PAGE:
Extreme poverty: “Zambia's poor deserve a larger share of the national budget,” reports UN expert

GENEVA (4 June 2010) – “Resources are scarce, but the Zambian Government can and must do more,” UN Independent Expert Magdalena Sepúlveda said Friday at the UN Human Rights Council, during the presentation of her report* on the question of human rights and extreme poverty in Zambia.

“The authorities have recognized social protection as a key tool to tackle the high levels of poverty and vulnerability, but commitments to support social protection must be translated into adequate budgetary allocations,” noted Ms. Sepúlveda, who in August 2009 became the first ever Human Rights Council envoy to visit the country.

In her report, the Independent Expert draws attention to a number of initiatives already in place in Zambia: “The positive experience with pilot social cash transfers schemes which benefit households unable to undertake any income generating activity must be recognized and strongly supported by the authorities.”

“Even a small cash transfers can make a significant difference to the lives of people living in poverty,” she says. “Without cash transfers, many older people, women and children would be virtually abandoned to their fate.” In this sense, Ms. Sepúlveda urges the Zambian authorities to ensure the sustainable expansion of these initiatives.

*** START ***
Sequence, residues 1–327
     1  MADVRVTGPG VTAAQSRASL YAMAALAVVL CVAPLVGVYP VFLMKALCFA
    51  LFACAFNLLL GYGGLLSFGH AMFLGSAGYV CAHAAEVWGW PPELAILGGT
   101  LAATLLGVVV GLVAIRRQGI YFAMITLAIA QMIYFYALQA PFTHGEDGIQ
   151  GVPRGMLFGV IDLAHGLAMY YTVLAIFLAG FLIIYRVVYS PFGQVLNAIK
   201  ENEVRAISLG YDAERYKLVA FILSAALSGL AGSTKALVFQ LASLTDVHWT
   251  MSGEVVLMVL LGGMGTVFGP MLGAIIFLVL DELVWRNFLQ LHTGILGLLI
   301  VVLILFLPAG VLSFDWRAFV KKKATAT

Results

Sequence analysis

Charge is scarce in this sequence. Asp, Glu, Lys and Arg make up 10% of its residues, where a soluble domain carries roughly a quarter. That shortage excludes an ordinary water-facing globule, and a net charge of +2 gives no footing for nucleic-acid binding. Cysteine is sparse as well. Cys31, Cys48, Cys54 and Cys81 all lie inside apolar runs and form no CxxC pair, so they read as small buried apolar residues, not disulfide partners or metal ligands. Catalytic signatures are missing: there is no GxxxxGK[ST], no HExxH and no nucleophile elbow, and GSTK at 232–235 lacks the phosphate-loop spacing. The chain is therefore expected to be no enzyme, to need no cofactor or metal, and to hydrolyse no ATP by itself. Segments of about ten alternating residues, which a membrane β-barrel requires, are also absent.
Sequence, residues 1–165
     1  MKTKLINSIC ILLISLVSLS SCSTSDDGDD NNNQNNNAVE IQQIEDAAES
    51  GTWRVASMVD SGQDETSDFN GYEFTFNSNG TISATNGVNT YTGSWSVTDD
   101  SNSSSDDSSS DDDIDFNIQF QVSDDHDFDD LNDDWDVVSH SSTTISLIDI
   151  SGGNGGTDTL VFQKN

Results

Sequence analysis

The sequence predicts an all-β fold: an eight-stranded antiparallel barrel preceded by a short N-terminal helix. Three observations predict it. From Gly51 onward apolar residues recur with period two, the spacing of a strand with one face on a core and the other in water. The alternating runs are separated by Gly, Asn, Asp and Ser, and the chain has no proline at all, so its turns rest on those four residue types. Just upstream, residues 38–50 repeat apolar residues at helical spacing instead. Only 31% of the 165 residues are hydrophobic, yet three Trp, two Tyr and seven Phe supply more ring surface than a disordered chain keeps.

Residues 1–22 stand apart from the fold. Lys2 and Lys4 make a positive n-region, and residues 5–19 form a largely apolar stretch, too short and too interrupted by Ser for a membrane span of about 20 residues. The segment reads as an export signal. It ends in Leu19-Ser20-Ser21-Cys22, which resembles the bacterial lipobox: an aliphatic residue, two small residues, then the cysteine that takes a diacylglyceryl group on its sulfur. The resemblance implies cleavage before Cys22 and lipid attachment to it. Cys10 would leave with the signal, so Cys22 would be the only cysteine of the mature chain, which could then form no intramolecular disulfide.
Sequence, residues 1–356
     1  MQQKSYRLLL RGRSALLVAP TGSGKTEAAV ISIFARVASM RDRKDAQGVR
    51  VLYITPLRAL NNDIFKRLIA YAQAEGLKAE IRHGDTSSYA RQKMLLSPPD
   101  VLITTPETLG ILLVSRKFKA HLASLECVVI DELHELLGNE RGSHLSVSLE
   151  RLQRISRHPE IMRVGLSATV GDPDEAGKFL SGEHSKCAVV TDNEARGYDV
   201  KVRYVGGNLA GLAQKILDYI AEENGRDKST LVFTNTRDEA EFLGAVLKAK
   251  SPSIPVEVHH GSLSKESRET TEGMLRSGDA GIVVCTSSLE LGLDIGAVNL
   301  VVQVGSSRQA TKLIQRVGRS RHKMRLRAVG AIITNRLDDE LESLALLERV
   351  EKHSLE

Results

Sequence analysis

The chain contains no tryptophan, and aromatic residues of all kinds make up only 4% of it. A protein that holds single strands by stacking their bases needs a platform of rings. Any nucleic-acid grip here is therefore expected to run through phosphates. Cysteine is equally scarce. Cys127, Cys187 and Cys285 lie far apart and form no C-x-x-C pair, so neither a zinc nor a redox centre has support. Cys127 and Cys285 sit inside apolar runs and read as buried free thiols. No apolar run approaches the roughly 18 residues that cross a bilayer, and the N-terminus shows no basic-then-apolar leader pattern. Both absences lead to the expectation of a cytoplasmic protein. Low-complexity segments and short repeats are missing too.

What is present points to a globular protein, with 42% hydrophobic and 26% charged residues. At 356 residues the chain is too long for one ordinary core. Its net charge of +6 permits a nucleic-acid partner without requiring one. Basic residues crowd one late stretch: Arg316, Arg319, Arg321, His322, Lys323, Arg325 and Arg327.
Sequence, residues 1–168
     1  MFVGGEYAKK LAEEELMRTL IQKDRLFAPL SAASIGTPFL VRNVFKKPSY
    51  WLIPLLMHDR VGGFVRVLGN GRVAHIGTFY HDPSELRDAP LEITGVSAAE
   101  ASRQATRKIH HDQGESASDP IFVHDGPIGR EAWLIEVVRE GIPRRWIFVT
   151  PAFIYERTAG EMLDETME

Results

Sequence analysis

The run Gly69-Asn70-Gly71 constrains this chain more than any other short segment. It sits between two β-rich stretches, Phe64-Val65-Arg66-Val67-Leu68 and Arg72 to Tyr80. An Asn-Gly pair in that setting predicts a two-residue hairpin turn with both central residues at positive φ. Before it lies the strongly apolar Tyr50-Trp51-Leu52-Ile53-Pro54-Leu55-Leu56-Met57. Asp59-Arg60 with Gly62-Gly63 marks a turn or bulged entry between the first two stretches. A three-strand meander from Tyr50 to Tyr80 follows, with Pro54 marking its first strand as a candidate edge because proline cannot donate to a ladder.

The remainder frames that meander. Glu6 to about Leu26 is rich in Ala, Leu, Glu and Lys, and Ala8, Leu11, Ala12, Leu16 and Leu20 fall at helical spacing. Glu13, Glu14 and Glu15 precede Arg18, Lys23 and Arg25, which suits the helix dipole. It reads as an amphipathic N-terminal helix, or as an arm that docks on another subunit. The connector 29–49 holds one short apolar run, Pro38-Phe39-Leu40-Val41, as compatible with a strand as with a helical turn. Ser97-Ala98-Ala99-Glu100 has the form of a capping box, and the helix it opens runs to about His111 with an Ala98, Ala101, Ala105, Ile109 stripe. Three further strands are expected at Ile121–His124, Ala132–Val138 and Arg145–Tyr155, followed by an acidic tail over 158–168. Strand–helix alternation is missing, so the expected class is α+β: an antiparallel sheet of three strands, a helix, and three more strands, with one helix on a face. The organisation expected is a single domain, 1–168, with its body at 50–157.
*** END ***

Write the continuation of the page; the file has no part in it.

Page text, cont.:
The expert’s reports also highlights that the current Constitution review in the country offers a unique opportunity to consolidate human rights. “The Government must seize the chance to improve the Zambian Bill of Rights by placing economic, social and cultural rights on an equal basis with civil and political rights,” she said.

“However, laws are not sufficient if there is no firm commitment to secure public investment in social policies,” the UN Independent Expert warns in her study. “More resources need to be allocated for strategic sectors such as social protection.

Ms. Sepúlveda urged the Zambian Government to take the lead and ensure a more coordinated strategy of social protection in the country, highlighting the need for external support: “Donors agencies should enhance and improve coordination of international support to these initiatives.”

“The prevalence of corruption is another important obstacle in the fight against poverty in Zambia,” stressed the Independent Expert. “The Government must strengthen the Anti-Corruption Commission and other important mechanisms that ensure transparency and accountability.”

“An independent and active civil society is another indispensable component for the daily fight against corruption and to ensure that public policies are reaching the extremely poor,” added Ms. Sepúlveda, noting that “any regulatory framework for NGOs must actively preserve the independence of the sector and avoid unwarranted controls and restrictions to the freedom of association.”

(*) Check Ms. Sepúlveda’s report to the UN Human Rights Council: http://www2.ohchr.org/english/bodies/hrcouncil/docs/14session/A.HRC.14.31.Add.1_AEV.pdf